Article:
There are numerous ways in which the Biden administration might counter some of the more egregious efforts that undoubtedly will take place.
First, it is essential to establish a body within government that focuses on the climate crisis, so that research and policy cannot be easily dismembered if a conservative majority once again controls the levers of government. In the same way that the US Commerce Department promotes trade and presents itself as a direct service to commercial interests, a department dedicated to climate change can be framed as protecting the agenda of those who seek to mitigate the threats to the climate. It would elevate the issue beyond the broader mandate of the Environmental Protection Agency. Recently, Howard Frumkin and Richard Jackson, former directors of the Centers for Disease Control and Prevention’s National Center for Environmental Health, issued a call in Scientific American for the creation within the National Institutes of Health of a division named the National Institute of Climate Change and Health. Such a division could track the scientific issues, conduct research, and provide training for a cadre of scientists who can center attention on climate change research.
Second, there needs to be a clear and broadly understood regulatory agenda that cannot easily be undone by a Senate that engages in another four years of inaction. This must include practical infrastructure changes that can be incorporated into other legislation that has the broad support of the American public. There should be a means of identifying more than just the lack of harm in any piece of legislation passed by Congress. New bills should contain an impact statement that explicitly identifies specific benefits to further the climate agenda. A highway bill, for example, should include affirmative discussions of the ways in which electric cars will be promoted through the establishment of charging stations in rest areas or the ways in which highspeed rail lines can be used as alternatives to dependence on the internal combustion engine.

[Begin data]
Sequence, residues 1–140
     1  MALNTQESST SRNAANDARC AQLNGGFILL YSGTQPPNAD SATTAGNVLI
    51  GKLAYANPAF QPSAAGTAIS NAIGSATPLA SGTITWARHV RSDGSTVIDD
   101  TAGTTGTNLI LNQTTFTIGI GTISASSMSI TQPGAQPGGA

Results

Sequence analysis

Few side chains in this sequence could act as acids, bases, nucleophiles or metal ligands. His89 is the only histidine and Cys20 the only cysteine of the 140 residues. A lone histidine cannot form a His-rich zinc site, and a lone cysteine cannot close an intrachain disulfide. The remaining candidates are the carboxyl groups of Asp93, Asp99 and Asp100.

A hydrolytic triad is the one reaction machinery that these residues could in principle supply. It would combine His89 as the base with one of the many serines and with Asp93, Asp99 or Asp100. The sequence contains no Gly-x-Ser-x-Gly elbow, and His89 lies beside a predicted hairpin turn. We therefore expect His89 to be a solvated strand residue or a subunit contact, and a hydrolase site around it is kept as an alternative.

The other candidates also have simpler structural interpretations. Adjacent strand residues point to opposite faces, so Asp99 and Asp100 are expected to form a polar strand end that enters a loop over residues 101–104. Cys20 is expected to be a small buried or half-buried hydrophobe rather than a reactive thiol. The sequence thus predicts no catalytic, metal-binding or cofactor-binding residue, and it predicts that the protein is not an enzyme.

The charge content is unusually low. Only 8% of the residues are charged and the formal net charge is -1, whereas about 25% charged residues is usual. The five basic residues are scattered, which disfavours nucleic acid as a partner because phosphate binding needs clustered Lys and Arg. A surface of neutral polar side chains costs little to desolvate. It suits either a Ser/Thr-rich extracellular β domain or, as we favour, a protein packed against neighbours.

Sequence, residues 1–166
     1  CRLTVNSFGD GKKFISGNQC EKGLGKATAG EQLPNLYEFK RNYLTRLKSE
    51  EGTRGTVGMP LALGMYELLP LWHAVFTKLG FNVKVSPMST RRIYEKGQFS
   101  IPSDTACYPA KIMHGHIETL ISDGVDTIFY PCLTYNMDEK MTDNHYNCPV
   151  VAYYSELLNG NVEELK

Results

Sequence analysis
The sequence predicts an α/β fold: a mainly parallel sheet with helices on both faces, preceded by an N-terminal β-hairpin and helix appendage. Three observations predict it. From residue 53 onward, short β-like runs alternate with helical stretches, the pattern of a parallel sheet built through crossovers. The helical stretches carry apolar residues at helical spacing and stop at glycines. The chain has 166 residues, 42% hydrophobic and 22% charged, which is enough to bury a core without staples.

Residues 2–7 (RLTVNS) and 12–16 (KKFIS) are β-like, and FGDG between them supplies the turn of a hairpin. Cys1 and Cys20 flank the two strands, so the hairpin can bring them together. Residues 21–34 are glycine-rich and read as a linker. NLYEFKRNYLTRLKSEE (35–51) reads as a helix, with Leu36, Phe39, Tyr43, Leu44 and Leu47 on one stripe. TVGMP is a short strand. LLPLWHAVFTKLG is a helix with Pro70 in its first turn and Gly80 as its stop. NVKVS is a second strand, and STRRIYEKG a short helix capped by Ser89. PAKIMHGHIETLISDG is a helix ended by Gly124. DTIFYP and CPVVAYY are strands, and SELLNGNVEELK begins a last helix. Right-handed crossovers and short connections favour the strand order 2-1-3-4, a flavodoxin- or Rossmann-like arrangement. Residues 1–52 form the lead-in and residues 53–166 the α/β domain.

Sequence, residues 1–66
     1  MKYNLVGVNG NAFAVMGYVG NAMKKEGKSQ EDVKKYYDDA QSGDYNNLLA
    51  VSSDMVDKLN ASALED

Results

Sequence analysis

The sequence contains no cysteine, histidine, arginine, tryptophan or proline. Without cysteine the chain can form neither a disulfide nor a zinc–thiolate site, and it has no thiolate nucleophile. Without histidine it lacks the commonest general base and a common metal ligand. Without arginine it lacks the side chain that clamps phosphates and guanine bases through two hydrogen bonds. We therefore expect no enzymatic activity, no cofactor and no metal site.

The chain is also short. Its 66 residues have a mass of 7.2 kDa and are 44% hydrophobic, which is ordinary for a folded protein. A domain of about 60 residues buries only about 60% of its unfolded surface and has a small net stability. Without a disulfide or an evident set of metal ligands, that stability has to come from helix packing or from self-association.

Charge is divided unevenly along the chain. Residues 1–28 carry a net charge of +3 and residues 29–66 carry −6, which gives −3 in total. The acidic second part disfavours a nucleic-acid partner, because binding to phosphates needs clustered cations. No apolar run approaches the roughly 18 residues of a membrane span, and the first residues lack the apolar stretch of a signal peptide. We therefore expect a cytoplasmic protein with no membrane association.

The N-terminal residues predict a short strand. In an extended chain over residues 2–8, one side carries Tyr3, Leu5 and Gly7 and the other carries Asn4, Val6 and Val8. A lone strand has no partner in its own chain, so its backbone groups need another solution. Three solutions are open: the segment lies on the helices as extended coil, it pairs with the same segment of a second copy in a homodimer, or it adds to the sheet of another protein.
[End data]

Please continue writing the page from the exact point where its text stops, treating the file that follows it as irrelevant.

Third, a sustained effort is needed to identify bad actors and polluters, as well as the covert sources of support that undermine public confidence in government regulatory actions. This might be done through the Climate Agency identified above. But, in addition to “outing” bad actors, there should be specific and significant penalties imposed, holding corporations financially responsible and their managers and Boards personally responsible for their actions. Some of the most important actions that have changed corporate behavior were not because of legislation, but because of the penalties imposed through court decisions that impacted companies’ bottom lines. Successful efforts to mitigate or correct the damage done to individuals and communities by asbestos, lead, polychlorinated biphenyls, and tobacco, for example, were accomplished in spite of regulatory inaction through court cases in front of juries and judges rather than through Congressional actions or agency-imposed penalties.
The enormous power that the Koch brothers, big oil, and the chemical industry have over regulatory bodies and elected officials should give us pause if we think that being reasonable will open the eyes of ravenous interests. We need to make sure we don’t let pass the enormous possibilities that the Biden presidency provides.
[i] The author thanks Senator Whitehouse for his insights and suggestions in the drafting of this essay.
David Rosner is the Ronald H. Lauterstein Professor of Sociomedical Sciences and professor of history at Columbia University and codirector of the Center for the History of Public Health at Columbia’s Mailman School of Public Health. He is also an elected member of the National Academy of Medicine. In addition to numerous grants, he has been a Guggenheim Fellow, a recipient of a Robert Wood Johnson Investigator Award, a National Endowment for the Humanities Fellow, and a Josiah Macy Fellow. He and Gerald Markowitz are coauthors on ten books, including Deceit and Denial: The Deadly Politics of Industrial Pollution (University of California Press/Milbank, 2002; 2013) and Lead Wars: The Politics of Science and the Fate of America’s Children (University of California Press/Milbank, 2013). He also testifies for plaintiffs in lawsuits on industrial pollution and occupational disease.